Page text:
To begin to love our neighbor as yourself, we need to know two things: we need to know what love is and we need to know that we are loved. Embraced by such love we are gradually transformed and begin to recognize God’s love in places we never suspected it would be found. The love of God breaks down the barriers between Gentile and Jew, between slave and free, between the poor and the prosperous, between women and men, between young and old. Our eyes are opened to the ways we have tried to confine God’s love to the conventional boundaries we have set. We discover that our own insistence on legitimate religious practices may really be spiritual elitism, perhaps what we judged wrong was merely an unfamiliar openness to God’s truth. We live in a day and age when offense is as common as breathing. Lines and labels divide us and criticism runs rampant. That is not God’s love. We should be more intentional with our words to build people up instead of tearing them down. Speaking words of encouragement will attract people to relationship with God instead of repel them. We may not agree with the choices people make for themselves, but we can always find something good if we take the time to look for it. Celebrating with them in spite of our own preference or pain is a strong show of love. Our time, talents, kindness, compassion, joy, and prayers are all free-flowing things meant not for hoarding but for continuous sharing. To love one another we show up and are present with hearts open, allowing the other to be what they are and support them in love. Every time God puts a person in our lives, we are given an opportunity to grow in love and when we love one another, the divine image shines more brightly within us. Be kind. Build bridges. Go above what is expected to show love as Jesus’ commands.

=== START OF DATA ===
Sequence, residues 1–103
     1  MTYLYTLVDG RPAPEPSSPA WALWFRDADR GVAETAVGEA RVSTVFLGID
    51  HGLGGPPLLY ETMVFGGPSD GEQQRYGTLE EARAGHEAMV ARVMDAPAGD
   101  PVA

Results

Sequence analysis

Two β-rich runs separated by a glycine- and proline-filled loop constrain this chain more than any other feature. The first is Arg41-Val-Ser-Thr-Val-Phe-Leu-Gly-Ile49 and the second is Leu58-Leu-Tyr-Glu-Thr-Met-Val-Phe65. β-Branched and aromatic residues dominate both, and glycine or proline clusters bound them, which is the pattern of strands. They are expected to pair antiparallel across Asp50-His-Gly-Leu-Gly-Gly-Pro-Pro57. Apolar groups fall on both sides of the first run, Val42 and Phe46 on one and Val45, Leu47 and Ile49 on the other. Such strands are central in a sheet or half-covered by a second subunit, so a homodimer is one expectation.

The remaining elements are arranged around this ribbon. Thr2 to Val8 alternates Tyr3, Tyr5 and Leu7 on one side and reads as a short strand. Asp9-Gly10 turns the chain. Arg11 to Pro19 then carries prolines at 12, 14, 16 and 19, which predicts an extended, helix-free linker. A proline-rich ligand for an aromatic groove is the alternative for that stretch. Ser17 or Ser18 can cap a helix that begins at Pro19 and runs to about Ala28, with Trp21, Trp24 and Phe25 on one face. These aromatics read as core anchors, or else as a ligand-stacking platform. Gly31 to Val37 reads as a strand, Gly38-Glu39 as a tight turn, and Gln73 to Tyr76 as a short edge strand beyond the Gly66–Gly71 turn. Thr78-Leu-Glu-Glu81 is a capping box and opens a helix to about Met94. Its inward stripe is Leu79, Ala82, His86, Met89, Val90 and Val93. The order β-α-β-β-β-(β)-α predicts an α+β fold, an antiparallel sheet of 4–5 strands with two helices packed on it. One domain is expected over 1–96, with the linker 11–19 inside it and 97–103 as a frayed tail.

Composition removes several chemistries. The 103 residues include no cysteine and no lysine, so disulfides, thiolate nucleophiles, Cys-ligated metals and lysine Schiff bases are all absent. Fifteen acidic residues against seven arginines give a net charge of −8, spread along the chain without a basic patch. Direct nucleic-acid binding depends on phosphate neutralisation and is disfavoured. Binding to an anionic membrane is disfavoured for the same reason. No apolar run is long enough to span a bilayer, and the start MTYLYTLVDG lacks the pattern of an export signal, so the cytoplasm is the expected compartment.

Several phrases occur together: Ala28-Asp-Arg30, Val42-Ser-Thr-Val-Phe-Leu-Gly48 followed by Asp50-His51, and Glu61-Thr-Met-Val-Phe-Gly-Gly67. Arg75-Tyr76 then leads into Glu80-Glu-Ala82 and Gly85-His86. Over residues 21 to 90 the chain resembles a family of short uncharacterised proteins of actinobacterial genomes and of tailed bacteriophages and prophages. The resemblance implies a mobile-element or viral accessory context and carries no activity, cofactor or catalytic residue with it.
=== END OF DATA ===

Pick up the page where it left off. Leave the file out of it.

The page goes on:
Music as Prayer (Bis orat qui bene cantat)

A greater entrance into the prayer of the Liturgy is achieved by being familiar with the music. In particular, the Psalm functions best as a meditation on the readings when we know it well and the mechanics of singing it do not consume too much of our focus. Similarly, with the individual parts of the Mass Settings (the sung acclamations)

Links to the music for this week are now provided on the Worship At Home page.

You may also find the Corpus Christi Songbook page helpful to your sung prayer during this time of social distancing.



The Worship Calendar: